Date: 5 Dec 2019

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Gobi: WebAssembly as a Practical Path to Library Sandboxing

Authors: Shravan Narayan, Tal Garfinkel, Sorin Lerner, Hovav Shacham, Deian Stefan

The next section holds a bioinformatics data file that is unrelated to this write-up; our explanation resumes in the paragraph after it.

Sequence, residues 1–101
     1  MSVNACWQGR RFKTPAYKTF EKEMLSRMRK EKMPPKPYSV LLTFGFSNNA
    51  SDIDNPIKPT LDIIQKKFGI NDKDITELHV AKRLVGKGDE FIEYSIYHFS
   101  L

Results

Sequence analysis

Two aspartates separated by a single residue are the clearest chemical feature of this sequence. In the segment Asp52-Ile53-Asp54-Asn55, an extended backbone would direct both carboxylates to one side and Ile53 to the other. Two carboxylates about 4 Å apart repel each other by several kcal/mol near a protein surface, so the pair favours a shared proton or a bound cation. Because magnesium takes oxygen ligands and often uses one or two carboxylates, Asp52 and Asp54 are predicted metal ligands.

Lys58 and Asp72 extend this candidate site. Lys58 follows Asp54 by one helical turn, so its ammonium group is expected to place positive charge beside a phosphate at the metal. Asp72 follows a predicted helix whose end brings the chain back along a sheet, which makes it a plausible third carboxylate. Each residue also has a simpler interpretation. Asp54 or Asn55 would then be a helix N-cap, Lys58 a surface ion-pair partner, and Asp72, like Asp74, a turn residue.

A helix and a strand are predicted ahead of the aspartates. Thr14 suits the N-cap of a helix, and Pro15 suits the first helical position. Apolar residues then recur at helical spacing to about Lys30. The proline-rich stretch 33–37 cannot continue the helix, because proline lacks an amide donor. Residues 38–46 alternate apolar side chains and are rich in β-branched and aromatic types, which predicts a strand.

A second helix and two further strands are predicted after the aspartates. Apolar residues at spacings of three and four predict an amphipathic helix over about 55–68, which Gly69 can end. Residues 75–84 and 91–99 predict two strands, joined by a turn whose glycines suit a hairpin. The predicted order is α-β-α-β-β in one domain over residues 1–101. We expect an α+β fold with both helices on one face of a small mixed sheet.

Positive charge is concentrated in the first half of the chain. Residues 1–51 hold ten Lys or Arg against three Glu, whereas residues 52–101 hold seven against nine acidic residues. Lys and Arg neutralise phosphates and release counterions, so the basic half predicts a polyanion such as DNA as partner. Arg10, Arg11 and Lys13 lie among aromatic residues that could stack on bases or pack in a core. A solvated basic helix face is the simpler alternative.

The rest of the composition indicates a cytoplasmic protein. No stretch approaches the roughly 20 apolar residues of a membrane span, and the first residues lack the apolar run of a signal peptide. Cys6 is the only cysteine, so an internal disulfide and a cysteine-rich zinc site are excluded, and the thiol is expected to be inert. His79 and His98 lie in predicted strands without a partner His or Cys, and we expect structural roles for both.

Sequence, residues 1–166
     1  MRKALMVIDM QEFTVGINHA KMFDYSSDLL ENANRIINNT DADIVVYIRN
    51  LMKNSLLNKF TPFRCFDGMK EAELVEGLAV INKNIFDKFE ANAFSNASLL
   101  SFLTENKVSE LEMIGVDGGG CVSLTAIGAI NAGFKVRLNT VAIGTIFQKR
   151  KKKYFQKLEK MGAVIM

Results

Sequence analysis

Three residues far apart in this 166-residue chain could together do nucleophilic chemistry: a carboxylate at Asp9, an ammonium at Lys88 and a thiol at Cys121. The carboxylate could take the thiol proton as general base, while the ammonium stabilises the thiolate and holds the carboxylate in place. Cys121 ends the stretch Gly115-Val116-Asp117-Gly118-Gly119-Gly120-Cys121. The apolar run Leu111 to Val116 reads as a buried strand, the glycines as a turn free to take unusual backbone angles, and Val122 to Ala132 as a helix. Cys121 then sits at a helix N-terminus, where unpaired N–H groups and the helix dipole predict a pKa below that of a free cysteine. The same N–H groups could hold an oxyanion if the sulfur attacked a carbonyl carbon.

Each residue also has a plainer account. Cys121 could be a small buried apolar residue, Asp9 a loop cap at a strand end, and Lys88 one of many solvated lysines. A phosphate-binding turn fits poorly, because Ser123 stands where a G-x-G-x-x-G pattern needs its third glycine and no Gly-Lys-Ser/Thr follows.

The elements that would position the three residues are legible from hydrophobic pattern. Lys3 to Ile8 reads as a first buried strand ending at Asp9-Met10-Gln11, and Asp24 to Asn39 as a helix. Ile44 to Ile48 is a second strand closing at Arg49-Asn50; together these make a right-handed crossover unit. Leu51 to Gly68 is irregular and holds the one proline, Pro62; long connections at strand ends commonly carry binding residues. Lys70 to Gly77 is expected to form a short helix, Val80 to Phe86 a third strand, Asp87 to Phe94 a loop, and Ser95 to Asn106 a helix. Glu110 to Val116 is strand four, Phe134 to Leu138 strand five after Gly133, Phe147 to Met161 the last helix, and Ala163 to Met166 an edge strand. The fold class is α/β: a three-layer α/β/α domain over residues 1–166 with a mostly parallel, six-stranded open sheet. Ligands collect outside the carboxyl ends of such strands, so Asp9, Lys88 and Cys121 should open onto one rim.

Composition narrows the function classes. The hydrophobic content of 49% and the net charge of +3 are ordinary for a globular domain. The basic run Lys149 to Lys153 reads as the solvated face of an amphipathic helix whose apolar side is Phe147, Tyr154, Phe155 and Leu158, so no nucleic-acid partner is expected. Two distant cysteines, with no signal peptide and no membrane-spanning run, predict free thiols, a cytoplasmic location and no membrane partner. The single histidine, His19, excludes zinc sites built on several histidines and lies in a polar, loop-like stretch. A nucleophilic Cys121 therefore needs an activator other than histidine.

Abstract: Software based fault isolation (SFI) is a powerful approach to reduce the impact of security vulnerabilities in large C/C++ applications like Firefox and Apache. Unfortunately, practical SFI tools have not been broadly available. Developing SFI toolchains are a significant engineering challenge. Only in recent years have browser vendors invested in building production quality SFI tools like Native Client (NaCl) to sandbox code. Further, without committed support, these tools are not viable, e.g. NaCl has been discontinued, orphaning projects that relied on it. WebAssembly (Wasm) offers a promising solution---it can support high performance sandboxing and has been embraced by all major browser vendors---thus seems to have a viable future. However, Wasm presently only offers a solution for sandboxing mobile code. Providing SFI for native application, such as C/C++ libraries requires additional steps. To reconcile the different worlds of Wasm on the browser and native platforms, we present Gobi. Gobi is a system of compiler changes and runtime support that can sandbox normal C/C++ libraries with Wasm---allowing them to be compiled and linked into native applications. Gobi has been tested on libjpeg, libpng, and zlib. Based on our experience developing Gobi, we conclude with a call to arms to the Wasm community and SFI research community to make Wasm based module sandboxing a first class use case and describe how this can significantly benefit both communities. Addendum: This short paper was originally written in January of 2019. Since then, the implementation and design of Gobi has evolved substantially as some of the issues raised in this paper have been addressed by the Wasm community. Nevertheless, several challenges still remain. We have thus left the paper largely intact and only provide a brief update on the state of Wasm tooling as of November 2019 in the last section.